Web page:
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FEATURE


landscape management. If true, it would suggest that work with ranch owners and their employees could go a long way to improve the conservation status of these birds in areas dominated by cattle grazing. Therefore the Loro Parque Fundación supported a follow-up project of Dr. Enkerlin-Hoeflich, together with Dr. Don Brightsmith of Texas A&M University, USA, to return to the same sites and repeat the methodologies to determine how the numbers of birds roosting and nesting in this field site has changed over the past 20 years. The immediate intention is to use the resulting information with other researchers to verify conservation status, set conservation priorities and create conservation plans for the endangered species A. oratrix and A. viridigenalis. Between April and July of 2013 the field


coordinator, Jose Luis Manzano, conducted a total of 17 counts of the Amazon parrots as they arrived to roost in a forest patch in the same locality of the study area. On average 148 ± 38 parrots were detected going to roost. The numbers of parrots detected per evening were higher than the average over the period 1992 – 1994 and were most similar to the values from 1992, the year with the highest counts from the original study. These results indicate that after 20 years the parrots are continuing to use this area successfully. The numbers of Yellow-headed Amazons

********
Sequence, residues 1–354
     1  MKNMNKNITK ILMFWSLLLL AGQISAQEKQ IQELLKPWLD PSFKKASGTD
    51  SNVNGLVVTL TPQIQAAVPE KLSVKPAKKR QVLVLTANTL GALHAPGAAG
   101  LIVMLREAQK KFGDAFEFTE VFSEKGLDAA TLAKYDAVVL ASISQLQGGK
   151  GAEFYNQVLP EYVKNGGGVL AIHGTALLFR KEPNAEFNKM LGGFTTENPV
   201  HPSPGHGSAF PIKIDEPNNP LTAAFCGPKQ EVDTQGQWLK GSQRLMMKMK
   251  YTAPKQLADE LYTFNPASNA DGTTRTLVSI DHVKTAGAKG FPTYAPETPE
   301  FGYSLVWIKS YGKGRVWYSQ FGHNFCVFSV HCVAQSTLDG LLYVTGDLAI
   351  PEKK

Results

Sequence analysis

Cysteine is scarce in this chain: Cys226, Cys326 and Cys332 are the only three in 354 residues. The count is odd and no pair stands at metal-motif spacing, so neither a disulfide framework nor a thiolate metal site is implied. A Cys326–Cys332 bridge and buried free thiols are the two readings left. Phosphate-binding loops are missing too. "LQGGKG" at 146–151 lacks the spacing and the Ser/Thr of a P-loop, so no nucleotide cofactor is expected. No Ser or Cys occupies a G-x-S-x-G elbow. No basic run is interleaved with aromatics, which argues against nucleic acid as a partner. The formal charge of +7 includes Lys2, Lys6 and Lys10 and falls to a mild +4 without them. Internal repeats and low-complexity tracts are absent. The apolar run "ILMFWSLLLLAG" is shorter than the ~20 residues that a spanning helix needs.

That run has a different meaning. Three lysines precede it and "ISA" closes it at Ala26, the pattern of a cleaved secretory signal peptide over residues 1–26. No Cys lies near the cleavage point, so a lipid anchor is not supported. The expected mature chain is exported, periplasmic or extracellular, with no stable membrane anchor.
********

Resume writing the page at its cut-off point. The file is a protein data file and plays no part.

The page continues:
coming to roost were much higher than the values recorded during the same months in 1992 – 1994. Throughout the 2013 season the roost counts averaged 85 ± 20 individuals per count which is much higher than the average of less than 15 from the same time period in 1992 – 1994. This finding is quite surprising given the reported grave status of this species in many areas of Mexico. The numbers of Green-cheeked Amazons


were relatively high in April (70 individuals), but by May they had dropped to very low levels (3 ± 5 per count). The average value per count for 2013 (12 ± 17) was significantly lower than the average over the same period in 1992 – 1994 (29 ± 26). However, while these numbers are very low, they are similar to those recorded in 1993 and 1994. Therefore this species persists in this environment even though it has not shown the dramatic increase in numbers over the last 20 years like A. oratrix. The numbers of A. autumnalis coming to roost were about 20% higher in 2013 (40 ± 10 per count) than over similar date ranges in the 1990’s (33 ± 13 per count). To examine nesting densities, Jose Luis


Manzano surveyed an area of 258 ha between April and July 2013, to locate and confirm parrot nests. The project located a total of 19 confirmed nests and an additional three probable nests. The most abundant nester was A. viridigenalis with eight confirmed nests, followed by


BIRD SCENE 11


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